Here are some questions I asked Paul Tripp about his new book, Whiter Than Snow: Meditations on Sin and Mercy.
What led you to pen these meditations?
I wanted to write something about Psalm 51 that would reflect that it is actually a poem and that would remind us that this psalm of confession is a psalm about the life of every sinner. David's story is my story, it's your story--and David's hope is our hope as well.
What effect did it have on your soul to ponder and pray through and pen these meditations on Psalm 51?
Day after day I would be confronted with how deep and pervasive my sin actually is. I wanted to back away from David. I wanted to believe that I am not like him, but I am. But day after day I was also confronted with the magnificent beauty of God's transforming grace.
Was there anything in particular that you personally learned or applied in a fresh way as a result of your work on this Psalm?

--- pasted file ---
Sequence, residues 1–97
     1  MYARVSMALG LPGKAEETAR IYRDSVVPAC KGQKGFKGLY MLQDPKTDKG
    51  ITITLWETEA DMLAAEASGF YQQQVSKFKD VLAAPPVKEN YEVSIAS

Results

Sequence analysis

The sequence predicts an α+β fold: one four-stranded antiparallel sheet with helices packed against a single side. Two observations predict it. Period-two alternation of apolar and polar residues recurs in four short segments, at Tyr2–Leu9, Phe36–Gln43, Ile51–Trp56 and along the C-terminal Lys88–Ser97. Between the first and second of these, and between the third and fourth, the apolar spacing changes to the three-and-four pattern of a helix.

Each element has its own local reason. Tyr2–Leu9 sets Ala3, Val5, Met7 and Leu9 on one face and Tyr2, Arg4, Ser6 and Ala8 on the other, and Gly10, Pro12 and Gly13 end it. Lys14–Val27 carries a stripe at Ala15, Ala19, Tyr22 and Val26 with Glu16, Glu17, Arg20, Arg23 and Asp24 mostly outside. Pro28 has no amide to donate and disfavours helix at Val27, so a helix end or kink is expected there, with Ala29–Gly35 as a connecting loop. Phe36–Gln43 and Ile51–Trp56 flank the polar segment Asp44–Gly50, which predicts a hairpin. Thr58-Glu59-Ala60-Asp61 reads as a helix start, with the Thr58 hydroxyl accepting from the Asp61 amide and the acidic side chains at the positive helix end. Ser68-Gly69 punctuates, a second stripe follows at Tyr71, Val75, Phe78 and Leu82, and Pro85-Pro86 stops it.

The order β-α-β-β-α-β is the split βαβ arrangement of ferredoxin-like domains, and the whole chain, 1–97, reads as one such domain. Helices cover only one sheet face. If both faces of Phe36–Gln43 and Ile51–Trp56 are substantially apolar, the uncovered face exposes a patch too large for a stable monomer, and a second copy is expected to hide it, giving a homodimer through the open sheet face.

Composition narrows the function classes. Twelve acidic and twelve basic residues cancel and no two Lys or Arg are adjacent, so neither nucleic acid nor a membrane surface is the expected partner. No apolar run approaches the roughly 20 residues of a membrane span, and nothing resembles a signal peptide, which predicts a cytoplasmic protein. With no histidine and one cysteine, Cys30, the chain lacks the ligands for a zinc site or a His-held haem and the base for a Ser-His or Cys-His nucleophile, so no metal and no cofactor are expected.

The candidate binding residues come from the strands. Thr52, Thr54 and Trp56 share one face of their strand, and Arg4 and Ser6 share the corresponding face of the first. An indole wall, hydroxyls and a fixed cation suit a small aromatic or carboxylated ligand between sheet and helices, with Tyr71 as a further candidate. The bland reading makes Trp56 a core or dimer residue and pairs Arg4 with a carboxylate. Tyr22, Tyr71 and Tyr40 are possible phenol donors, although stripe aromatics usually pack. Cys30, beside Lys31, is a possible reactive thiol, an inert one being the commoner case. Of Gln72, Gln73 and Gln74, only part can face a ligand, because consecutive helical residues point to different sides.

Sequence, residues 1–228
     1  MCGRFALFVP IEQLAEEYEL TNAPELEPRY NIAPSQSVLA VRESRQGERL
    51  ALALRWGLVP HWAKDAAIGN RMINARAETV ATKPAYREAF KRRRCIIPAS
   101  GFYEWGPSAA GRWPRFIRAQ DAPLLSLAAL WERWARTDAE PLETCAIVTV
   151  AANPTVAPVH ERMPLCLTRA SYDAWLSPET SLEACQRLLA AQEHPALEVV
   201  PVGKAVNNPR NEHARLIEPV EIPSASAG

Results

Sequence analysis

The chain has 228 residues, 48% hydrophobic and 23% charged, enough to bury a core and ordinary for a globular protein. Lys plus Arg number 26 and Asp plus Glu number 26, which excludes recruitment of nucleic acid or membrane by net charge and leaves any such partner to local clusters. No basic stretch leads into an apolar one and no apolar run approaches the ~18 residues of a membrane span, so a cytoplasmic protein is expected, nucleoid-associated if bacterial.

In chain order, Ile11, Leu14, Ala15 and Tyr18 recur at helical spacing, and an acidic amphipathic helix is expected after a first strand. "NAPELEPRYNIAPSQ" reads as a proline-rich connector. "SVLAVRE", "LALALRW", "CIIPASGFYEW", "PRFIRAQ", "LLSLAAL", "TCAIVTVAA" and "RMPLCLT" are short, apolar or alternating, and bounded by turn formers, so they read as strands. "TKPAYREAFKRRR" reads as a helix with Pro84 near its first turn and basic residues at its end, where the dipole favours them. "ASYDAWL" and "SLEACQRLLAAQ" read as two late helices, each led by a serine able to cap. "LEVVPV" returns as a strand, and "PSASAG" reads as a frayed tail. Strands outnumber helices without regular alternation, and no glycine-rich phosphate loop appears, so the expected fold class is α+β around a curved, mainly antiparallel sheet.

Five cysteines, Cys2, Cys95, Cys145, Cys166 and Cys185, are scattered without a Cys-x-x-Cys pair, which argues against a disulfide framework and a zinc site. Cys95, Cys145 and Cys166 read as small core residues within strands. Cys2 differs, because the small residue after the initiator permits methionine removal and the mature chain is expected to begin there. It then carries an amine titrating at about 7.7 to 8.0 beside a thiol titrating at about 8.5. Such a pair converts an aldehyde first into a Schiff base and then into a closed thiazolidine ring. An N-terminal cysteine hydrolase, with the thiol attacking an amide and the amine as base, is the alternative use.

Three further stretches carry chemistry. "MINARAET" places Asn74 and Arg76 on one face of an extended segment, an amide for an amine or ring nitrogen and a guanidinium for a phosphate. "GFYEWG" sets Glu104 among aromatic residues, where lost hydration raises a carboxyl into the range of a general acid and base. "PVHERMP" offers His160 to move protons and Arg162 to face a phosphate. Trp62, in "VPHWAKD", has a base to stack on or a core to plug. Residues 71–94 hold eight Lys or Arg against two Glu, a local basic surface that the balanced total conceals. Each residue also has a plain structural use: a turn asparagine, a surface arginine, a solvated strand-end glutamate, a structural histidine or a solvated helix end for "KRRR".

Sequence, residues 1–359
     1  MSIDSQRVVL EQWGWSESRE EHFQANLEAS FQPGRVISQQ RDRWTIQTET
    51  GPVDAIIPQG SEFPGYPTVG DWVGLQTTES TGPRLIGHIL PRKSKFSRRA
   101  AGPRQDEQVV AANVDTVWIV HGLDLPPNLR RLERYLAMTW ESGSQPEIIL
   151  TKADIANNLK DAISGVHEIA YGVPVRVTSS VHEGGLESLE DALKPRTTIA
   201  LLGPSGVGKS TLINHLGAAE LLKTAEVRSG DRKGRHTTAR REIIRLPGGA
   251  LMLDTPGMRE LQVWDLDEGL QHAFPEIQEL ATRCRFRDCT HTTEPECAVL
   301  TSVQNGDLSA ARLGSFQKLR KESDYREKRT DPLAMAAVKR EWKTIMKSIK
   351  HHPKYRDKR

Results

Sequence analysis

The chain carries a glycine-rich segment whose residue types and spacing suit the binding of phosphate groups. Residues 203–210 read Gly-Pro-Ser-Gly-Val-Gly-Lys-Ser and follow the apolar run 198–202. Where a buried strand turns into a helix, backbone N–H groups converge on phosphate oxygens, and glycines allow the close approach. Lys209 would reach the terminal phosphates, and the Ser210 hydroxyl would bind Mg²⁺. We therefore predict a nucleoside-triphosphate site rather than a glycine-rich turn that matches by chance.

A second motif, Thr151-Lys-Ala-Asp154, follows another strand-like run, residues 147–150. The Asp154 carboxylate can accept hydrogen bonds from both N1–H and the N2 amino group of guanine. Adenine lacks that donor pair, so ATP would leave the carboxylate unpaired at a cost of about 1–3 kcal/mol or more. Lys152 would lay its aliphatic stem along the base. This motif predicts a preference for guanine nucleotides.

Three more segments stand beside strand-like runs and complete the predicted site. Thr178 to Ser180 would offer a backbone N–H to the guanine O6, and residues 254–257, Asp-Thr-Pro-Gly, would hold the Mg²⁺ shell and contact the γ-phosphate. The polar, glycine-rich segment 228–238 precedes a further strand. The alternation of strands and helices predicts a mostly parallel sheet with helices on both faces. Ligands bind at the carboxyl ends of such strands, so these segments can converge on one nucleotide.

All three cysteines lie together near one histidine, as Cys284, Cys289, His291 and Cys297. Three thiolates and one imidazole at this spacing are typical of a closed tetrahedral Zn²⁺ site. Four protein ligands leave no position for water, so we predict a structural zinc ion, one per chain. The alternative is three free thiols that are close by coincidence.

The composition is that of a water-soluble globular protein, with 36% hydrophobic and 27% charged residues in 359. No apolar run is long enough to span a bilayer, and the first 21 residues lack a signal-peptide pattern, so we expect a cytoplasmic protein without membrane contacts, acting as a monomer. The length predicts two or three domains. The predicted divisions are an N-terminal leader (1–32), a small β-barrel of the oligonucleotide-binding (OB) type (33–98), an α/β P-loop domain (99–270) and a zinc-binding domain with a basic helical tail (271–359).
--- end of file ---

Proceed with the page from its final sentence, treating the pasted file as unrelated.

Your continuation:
I learned the importance of heartfelt, honest, no-holds-barred confession. Confession should not be composed like a term paper, or planned like a holiday meal. It should be from the gut; an edgy, dangerous, courageous, unpolished, unedited self-disclosure of the flaws that exist at the causal core of our personhood that could only be made before a God of indescribable love. I guess what I really learned was that most of what I have called confession simply isn't.
How are you praying that God will use this book in the lives of everyday folks?
My prayer is that Whiter Than Snow would cause people to understand how comprehensive their struggle with sin actually is and how powerful the mercy of God is as well. I think it is healthy for the church to be both the saddest and most celebrant community on earth. If this book pushes us that way I would be delighted!